‘The court read our report very closely’

Key role for WUR Discomfort Analysis in animal suffering court case.
Kalf in kalveriglo In dairy farming, new-born calves rarely stay with their mothers. Most are moved to calf hutches shortly after birth. Photo Shutterstock

Last week, a court ruled that the animal rights group Dier&Recht cannot claim that because the cow and calf are separated shortly after the birth, dairy products cause severe suffering in animals. The court based the judgment partly on the Discomfort Analysis that Wageningen Livestock Research carries out. Resource phoned Karel de Greef, one of the researchers.

How do you feel about your Discomfort Analysis playing such a big role in the court’s decision on this high-profile case?
‘That’s why we do it! It just proves how important it is for us at Livestock Research to assess discomfort among animals in a meticulous and systematic manner. We carried out the first Discomfort Analyses for the ministry of Agriculture; then the animal rights group Wakker Dier commissioned an update to the report. This lawsuit shows the relevance of the analyses.’

The court concluded that Dier&Recht cannot talk about severe animal suffering based on this report. Do you agree?
‘Yes. It is incredibly difficult to determine discomfort anyway. As animal scientists, we quantify it by assigning a score based on the severity of the discomfort, how long it lasts and the frequency. Separating the calf from the cow shortly after birth gives a high discomfort score for the calf. That is partly because of the scoring method: those one or two days of discomfort form a large proportion of the time the calf spends at the dairy farm, which is usually about 14 days. But is that the same as severe animal suffering? “Animal suffering” has very different connotations compared with the more neutral term “discomfort”.’

So it is not scientifically possible to determine unambiguously how severe the discomfort is?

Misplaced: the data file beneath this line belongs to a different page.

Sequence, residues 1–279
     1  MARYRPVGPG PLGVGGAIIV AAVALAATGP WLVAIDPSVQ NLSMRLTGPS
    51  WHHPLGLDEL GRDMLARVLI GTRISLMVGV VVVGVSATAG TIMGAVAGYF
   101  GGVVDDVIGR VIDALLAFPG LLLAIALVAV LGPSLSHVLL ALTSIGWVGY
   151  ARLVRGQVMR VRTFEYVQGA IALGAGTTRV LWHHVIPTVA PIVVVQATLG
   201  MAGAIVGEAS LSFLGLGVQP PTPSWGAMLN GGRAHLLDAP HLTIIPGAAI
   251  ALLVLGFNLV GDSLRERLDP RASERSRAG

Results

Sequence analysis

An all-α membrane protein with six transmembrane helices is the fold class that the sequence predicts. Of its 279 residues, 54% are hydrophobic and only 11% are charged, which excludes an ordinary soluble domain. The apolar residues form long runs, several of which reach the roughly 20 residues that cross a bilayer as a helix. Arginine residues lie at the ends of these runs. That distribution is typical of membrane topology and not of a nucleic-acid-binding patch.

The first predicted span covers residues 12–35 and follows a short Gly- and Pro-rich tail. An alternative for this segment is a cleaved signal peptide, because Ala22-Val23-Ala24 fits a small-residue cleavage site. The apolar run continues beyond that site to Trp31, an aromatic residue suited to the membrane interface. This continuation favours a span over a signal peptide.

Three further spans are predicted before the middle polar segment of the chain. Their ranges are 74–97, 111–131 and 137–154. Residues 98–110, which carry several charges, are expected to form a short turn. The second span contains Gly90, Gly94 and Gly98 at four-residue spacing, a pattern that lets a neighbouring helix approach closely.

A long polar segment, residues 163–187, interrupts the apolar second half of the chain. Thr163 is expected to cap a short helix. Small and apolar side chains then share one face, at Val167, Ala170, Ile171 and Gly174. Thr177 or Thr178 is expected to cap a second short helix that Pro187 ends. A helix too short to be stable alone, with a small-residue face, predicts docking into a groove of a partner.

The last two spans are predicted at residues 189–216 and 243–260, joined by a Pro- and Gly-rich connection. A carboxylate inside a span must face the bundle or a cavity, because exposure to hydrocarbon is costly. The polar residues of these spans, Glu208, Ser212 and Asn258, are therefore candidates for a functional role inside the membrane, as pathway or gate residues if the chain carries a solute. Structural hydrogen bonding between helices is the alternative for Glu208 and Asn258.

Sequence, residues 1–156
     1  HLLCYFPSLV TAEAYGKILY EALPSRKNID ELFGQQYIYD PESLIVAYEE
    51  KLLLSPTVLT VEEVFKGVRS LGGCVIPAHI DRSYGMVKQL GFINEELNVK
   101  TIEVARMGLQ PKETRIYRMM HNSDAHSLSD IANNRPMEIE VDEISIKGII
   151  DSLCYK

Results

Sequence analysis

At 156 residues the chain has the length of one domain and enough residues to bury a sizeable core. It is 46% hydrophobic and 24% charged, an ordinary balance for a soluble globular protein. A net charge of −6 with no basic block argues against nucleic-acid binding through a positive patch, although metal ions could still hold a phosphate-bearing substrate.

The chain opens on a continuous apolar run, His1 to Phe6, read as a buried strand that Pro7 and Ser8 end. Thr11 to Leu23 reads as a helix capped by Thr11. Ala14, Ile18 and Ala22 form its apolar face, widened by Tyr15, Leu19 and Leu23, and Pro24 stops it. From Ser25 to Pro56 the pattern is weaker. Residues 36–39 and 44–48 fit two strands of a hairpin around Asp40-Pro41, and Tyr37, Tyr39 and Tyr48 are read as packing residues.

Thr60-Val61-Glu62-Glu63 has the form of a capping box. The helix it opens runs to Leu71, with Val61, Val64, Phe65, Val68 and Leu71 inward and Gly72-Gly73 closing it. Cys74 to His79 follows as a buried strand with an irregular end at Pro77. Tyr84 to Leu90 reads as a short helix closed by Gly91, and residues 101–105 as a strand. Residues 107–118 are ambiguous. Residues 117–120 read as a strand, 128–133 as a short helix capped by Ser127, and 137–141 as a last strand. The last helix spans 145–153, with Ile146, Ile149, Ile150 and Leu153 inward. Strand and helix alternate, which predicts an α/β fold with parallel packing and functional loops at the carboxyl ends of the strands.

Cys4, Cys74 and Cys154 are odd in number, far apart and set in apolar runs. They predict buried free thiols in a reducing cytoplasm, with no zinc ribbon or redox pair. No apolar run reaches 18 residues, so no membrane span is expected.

‘Exactly. The behaviour of both the calf and the mother shows that they don’t like being separated. But we don’t know to what extent the calf truly experiences it as negative. We can’t really measure that and the experts vary considerably in their assessments. If you look at nature to find a biological explanation, calves usually spend the first few days of their lives alone, as is the case for the young of roe deer. I understand the frustration when scientists are unable to give a straightforward answer about the degree of discomfort, but that’s just how it is. We can only go so far in understanding the emotions of animals.’

So is it right that Dier&Recht is not allowed to appeal to freedom of speech with its controversial dairy campaign?
‘Oh, you won’t hear me saying that! The court makes that decision; it is not for me or Livestock Research to comment on its ruling. I will, however, say that the court read our report very closely. The consideration in the judgment that there “is insufficient general consensus” and that the 2020 Discomfort Analysis “does not provide sufficient grounds at present” to conclude that separating the calf from the mother at birth causes severe suffering is spot on.’

I read that Dier&Recht is considering proceedings on the substance of the case. Would you be prepared to appear in court as an expert witness?
‘At Livestock Research we are usually willing to do that because of our public role, but preferably at the request of the court rather than one of the parties. As scientists we stand on the sidelines and I think that is how it should be — because that is when we are most valuable to society. I am wary about getting unintentionally sucked in by one of the two parties and losing our reputation for impartiality.’

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